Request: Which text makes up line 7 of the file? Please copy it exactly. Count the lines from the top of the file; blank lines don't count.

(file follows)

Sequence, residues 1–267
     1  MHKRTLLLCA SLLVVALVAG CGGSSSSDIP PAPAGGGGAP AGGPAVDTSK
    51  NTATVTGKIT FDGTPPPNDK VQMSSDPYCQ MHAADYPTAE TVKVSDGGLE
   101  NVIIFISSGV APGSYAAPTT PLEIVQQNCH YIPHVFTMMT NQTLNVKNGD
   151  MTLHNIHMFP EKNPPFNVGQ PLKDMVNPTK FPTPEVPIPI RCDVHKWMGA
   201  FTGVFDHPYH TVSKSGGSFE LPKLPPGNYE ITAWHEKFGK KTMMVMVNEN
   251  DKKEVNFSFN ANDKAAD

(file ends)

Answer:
   251  DKKEVNFSFN ANDKAAD